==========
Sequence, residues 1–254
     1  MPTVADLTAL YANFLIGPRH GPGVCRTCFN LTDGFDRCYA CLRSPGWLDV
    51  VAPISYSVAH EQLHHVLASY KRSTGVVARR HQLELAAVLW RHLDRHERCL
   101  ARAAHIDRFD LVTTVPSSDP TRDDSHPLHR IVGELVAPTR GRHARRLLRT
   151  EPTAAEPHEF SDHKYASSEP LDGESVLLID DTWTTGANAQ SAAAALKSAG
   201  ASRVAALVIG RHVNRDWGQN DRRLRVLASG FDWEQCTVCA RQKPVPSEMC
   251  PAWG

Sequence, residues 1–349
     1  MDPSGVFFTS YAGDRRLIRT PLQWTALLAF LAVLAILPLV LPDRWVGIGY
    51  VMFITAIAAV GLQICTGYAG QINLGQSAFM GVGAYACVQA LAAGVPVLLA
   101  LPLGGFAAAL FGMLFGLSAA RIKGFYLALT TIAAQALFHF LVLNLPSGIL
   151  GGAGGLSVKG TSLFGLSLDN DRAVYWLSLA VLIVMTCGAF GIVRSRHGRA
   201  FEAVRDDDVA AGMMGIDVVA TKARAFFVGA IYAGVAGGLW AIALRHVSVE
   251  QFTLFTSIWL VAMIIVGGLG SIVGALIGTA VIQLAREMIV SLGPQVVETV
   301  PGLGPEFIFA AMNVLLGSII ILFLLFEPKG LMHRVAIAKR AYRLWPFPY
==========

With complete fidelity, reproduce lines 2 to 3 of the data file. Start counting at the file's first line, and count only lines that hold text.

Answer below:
     1  MPTVADLTAL YANFLIGPRH GPGVCRTCFN LTDGFDRCYA CLRSPGWLDV
    51  VAPISYSVAH EQLHHVLASY KRSTGVVARR HQLELAAVLW RHLDRHERCL